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Gloria Estefan ‘Unwrapped’

“Today” host Matt Lauer caught up with the Latin-American singer recently to talk about the release of her new album.
/ Source: TODAY

She was the most popular Latin-American singer of the ‘80s and ‘90s, conga-ing up the stage with “The Miami Sound Machine” and paving the way for a whole new generation of Latin performers. Two decades later, she’s still shaking up the stage. “Today” host Matt Lauer caught up with Estefan recently to talk about the release of her new album, “Unwrapped.”

She was the sound of the 1980s sometimes referred to as a demure Hispanic version of Madonna.

Cuban-born Gloria Fay-Ardo originally rose to prominence in the ’70s by joining soon-to-be husband Emilio Estefan in his band then called “The Miami Latin Boys.”

The group was eventually re-named, “The Miami Sound Machine” and initially only met with success in Spanish-speaking countries but by 1985, cracked U.S. Billboard’s pop, dance, Black and Latin charts simultaneously, with their hit, “Conga.”

Gloria and the band went on to make 24 albums and sell more than 70 million copies.

Remembered for tragedy and a miraculous comeback, Gloria’s now bursting back on the scene with her new album “Unwrapped.”

“I am saying to fans, I’ll have something to say. I still have thoughts to share and music to share with you. And I know my fans will get it. And hopefully maybe somebody that hasn’t heard my music before might get this record.”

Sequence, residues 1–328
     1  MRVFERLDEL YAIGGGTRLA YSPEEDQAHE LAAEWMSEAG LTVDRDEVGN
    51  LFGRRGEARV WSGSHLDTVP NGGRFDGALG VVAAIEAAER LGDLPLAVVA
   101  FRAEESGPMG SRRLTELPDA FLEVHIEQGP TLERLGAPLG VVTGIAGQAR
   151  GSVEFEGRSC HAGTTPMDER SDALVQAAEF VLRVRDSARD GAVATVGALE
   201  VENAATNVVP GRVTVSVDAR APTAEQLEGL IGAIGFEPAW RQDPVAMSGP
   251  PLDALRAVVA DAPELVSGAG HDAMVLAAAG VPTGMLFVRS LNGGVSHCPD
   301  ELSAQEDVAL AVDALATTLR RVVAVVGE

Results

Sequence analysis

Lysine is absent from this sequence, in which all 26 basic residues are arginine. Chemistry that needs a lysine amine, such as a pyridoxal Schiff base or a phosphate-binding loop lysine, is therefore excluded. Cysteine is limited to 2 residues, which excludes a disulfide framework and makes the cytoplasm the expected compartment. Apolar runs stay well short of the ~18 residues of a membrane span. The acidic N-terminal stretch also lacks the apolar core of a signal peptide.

The record contains a contribution from one of her two children, 23-year-old Nayib, who studied and loves film, and added to the album. An inside look at his mother with a personal film about her.

She collaborated with a range of people for her latest, including Stevie Wonder and Chrissie Hynde, from “The Pretenders.” The album was actually recorded live in 3 weeks, and gave a more raw sound. In general, this album also sounds different from her others — no congas and horns, rather instruments like Andean pan pipes and pedal steel guitars.

“Even if you are not a fan of her you could watch the film and get a take on her as a human being. I wanted them to see her as a human being and I tried very hard to catch her being natural and I think it came off.”

And after four decades in the business she still finds it as special as when she first started out.

“This last week, I kept flipping through the radio stations to try to listen to Wrapped for the first time on radio. And when you first hear other people hearing it it’s still exciting. It’s still a beautiful thing.”